But the latest announcement of sweeping cancellations to locations across Europe – and even the US – threatens to ruin the travel plans of hundreds of thousands of people.
BA grounded 24 flights between Heathrow and New York’s JFK airport. Pictured: A man wears a mask in London’s Heathrow Airport
BA will waive flight-change fees for people who book within the next two weeks, amid uncertainty about the spread of the virus (stock image)
70% leap in calls to 111 hotline
Calls to NHS 111 are up by 70 per cent on last year as thousands of Britons seek advice on coronavirus.
In the past seven days the helpline fielded 442,948 queries – an average of 66,300 a day – compared to 318,191 for the same week last year.
On Tuesday, Wednesday and Thursday of last week the number of calls was nearly 70 per cent higher.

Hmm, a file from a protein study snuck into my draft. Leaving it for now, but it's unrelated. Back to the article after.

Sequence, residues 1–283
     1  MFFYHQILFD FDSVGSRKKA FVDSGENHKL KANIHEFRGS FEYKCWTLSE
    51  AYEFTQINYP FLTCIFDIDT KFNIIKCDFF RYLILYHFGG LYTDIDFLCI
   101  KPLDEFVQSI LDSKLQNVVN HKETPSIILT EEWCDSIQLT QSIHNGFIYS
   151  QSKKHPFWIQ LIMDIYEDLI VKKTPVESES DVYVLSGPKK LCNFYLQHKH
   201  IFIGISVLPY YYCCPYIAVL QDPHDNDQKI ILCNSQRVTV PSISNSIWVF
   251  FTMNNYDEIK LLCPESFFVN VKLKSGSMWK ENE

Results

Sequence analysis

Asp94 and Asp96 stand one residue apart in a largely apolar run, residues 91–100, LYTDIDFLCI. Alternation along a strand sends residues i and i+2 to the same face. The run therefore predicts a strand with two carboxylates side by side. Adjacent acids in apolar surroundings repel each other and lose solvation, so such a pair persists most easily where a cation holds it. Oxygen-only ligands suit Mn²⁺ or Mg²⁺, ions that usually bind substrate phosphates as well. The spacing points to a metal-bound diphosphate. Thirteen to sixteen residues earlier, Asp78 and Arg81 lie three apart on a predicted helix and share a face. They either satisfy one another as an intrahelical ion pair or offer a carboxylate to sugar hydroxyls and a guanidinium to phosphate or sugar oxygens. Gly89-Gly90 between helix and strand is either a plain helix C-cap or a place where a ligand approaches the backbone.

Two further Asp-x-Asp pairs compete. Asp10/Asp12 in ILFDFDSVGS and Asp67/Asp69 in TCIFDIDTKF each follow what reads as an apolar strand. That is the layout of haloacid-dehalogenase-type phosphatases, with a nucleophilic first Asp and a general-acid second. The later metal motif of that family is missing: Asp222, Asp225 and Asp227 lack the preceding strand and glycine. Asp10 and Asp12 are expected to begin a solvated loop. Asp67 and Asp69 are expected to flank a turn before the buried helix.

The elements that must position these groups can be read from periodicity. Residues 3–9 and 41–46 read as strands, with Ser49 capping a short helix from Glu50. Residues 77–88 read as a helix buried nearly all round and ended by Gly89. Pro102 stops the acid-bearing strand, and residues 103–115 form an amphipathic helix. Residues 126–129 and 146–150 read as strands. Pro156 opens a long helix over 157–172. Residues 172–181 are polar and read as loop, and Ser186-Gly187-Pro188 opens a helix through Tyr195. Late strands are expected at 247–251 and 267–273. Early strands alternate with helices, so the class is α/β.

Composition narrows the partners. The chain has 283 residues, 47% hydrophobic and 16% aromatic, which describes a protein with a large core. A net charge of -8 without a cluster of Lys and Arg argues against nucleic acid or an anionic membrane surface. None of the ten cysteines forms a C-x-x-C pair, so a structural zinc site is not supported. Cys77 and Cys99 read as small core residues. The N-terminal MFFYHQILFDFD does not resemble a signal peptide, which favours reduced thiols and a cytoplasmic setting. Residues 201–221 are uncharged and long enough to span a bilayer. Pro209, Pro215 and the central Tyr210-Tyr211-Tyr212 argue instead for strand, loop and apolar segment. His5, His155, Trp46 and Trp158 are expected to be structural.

The surge in demand coincided with a spike in cases in Northern Italy where many Britons had just returned from half-term ski trips.
Several patients complained they waited four hours for a call-back – and one claimed it took four days.
Last night the NHS announced an extra £1.7million would be ploughed into the service to recruit 500 extra staff and set up a new virus advice website.
Professor Stephen Powis, NHS national medical director, admitted the helpline had come under pressure as the first port of call for worried patients.
The entire health service is bracing for a surge in demand in the coming months.
Health Secretary Matt Hancock yesterday said he feared widespread transmission of coronavirus in the UK ‘may be inevitable’. He also warned front-line medics may themselves get infected.
Although most airlines have cancelled flights up until March 31, there is no guarantee that it won’t be extended into April, which could spell chaos for families with planned Easter getaways.